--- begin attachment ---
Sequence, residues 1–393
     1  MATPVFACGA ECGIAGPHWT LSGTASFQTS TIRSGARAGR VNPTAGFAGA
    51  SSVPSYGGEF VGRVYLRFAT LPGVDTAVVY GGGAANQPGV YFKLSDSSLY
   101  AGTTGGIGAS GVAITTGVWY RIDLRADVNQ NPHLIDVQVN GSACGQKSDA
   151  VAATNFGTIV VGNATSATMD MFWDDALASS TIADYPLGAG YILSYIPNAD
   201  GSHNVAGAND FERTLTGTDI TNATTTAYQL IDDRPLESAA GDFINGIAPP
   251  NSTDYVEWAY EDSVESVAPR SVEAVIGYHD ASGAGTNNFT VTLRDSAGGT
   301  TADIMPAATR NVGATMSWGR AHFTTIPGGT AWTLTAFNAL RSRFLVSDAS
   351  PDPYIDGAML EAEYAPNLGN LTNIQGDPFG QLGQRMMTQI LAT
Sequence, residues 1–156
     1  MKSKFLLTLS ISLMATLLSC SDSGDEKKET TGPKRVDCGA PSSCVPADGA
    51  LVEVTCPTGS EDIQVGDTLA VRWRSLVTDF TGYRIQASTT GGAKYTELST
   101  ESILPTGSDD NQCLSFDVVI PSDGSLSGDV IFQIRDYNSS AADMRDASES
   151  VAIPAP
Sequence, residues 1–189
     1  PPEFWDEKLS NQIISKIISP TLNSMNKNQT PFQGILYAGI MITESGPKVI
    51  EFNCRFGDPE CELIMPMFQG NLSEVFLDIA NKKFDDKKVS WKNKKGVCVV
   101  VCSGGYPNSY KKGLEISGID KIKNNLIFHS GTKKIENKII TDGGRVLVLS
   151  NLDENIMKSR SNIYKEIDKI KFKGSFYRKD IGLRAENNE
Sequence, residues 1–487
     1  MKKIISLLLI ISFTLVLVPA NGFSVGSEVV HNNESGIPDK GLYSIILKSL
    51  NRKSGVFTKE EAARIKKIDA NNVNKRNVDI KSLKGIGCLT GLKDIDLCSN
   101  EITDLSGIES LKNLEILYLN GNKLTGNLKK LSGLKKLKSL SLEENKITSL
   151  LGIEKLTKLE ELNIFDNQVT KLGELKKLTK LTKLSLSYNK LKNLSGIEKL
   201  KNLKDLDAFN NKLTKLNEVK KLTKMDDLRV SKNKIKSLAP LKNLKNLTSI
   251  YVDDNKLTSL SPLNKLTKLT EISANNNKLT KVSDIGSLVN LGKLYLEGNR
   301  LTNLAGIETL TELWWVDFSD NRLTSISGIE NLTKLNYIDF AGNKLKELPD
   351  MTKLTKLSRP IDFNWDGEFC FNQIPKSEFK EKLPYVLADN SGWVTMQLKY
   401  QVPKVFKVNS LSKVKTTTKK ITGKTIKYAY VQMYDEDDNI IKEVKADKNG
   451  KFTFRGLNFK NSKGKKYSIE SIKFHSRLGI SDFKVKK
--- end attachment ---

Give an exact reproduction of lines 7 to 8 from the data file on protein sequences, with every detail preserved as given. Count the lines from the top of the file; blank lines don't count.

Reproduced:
   251  NSTDYVEWAY EDSVESVAPR SVEAVIGYHD ASGAGTNNFT VTLRDSAGGT
   301  TADIMPAATR NVGATMSWGR AHFTTIPGGT AWTLTAFNAL RSRFLVSDAS